Editor’s note: This guest post was written by Nicolas Nicolaides, an Istanbul-born Greek who moved to Athens in 1988. Nicolaides is a Ph.D. student in history at the University of Athens whose research focuses on the Karamanlılar (Greeks from Central Anatolia).
Once a resort town on the outskirts of the Greek capital, Phaleron – only a few miles from downtown Athens – is now well incorporated into the city’s urban fabric. The area has remained an upscale neighborhood, but, sadly, it has lost its distinctive character: the sea is now polluted, the open-air cinemas have been turned into parking lots, and many of the stately mansions were demolished to make way for apartment blocks during the construction boom of the 1960s.
One thing does remain unique about the neighborhood: it is home to Athens’ largest concentration of Constantinopolitans, or Greeks of Istanbul, known as İstanbul Rumları in Turkish. Despite living for centuries under Ottoman and then for several decades under Turkish rule, the Greek community had long insisted on staying in their beloved city. Nevertheless, in 1964, amidst the Cyprus dispute, Turkey began deporting Greek nationals residing in Istanbul; soon, those holding Turkish passports also began to leave, following their relatives. In the years to come, the community was to shrink to no more than 5,000 people in a city of almost 13 million. Searching for a place in Athens that would remind them of the city they left behind, the migrants settled in Phaleron; the seafront there was the ideal backdrop for the nostalgic expats to relive long walks along the shores of the Bosphorus.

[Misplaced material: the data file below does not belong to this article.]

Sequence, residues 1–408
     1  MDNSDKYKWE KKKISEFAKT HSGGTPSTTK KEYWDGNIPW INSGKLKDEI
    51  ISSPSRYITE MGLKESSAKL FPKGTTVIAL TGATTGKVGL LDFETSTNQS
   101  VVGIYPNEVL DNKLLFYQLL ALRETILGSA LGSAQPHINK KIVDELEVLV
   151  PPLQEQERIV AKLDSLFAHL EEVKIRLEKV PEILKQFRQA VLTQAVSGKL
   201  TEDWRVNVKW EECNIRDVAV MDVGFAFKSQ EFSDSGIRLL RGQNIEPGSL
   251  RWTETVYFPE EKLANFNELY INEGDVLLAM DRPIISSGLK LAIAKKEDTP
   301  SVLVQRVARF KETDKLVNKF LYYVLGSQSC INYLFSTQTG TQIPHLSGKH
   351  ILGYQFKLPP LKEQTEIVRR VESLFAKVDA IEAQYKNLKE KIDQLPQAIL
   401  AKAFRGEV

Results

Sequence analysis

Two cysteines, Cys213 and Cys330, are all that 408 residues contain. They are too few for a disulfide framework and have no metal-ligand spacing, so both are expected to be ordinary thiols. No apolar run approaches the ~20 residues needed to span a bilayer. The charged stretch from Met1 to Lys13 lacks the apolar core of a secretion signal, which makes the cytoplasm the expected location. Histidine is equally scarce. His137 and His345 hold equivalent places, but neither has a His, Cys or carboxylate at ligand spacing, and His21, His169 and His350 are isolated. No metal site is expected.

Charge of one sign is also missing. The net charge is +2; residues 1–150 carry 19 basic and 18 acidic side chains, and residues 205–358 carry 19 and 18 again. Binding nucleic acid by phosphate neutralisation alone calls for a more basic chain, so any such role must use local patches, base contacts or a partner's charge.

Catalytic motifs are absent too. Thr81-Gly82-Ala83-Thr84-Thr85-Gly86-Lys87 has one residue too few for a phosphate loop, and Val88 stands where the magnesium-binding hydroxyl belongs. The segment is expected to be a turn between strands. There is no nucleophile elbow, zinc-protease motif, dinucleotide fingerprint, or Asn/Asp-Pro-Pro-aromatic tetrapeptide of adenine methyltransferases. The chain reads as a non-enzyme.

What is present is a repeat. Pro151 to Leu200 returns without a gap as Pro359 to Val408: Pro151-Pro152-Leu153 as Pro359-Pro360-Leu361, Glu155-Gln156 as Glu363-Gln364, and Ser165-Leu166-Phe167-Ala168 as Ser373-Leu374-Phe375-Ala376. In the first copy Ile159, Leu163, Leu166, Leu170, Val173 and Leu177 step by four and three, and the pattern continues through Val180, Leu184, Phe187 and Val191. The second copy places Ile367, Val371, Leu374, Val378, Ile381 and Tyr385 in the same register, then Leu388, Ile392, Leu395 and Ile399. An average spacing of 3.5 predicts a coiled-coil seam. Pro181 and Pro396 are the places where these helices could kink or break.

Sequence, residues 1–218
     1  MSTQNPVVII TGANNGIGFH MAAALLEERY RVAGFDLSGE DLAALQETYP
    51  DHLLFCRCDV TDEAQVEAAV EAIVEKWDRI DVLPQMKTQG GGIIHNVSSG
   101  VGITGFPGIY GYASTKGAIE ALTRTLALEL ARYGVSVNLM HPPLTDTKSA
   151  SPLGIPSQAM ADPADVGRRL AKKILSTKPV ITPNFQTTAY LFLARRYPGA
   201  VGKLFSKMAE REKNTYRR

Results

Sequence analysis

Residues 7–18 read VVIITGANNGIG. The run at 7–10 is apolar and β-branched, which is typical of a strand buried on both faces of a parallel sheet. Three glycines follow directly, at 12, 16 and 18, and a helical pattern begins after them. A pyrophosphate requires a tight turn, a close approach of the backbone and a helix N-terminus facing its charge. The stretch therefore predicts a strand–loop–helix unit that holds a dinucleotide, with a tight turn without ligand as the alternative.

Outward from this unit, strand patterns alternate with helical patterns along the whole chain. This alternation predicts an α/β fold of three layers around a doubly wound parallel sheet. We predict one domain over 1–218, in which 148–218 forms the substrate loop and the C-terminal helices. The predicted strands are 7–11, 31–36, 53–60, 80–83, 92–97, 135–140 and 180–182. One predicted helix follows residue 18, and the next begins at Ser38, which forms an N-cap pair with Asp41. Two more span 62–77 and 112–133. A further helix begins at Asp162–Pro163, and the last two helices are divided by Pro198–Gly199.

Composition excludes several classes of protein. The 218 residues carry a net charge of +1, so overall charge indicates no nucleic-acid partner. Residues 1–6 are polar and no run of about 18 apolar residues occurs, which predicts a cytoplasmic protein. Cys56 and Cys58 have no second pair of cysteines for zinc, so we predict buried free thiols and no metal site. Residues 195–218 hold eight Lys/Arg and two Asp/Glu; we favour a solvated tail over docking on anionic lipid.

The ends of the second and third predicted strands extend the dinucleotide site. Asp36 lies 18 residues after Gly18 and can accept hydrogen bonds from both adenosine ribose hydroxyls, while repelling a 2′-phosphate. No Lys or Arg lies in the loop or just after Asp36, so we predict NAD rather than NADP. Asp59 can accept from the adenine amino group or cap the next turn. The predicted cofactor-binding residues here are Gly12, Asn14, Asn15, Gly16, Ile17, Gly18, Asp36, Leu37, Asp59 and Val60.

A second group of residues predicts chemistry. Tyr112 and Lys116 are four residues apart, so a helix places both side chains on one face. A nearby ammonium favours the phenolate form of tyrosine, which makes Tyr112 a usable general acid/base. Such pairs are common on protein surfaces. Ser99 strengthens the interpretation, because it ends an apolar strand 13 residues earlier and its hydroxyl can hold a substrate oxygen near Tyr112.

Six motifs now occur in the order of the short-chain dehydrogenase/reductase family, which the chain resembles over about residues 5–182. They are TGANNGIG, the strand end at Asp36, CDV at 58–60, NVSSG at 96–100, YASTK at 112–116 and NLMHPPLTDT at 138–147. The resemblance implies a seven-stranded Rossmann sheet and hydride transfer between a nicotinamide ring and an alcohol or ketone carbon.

The rest of this feature can be found on CulinaryBackstreets.com, here .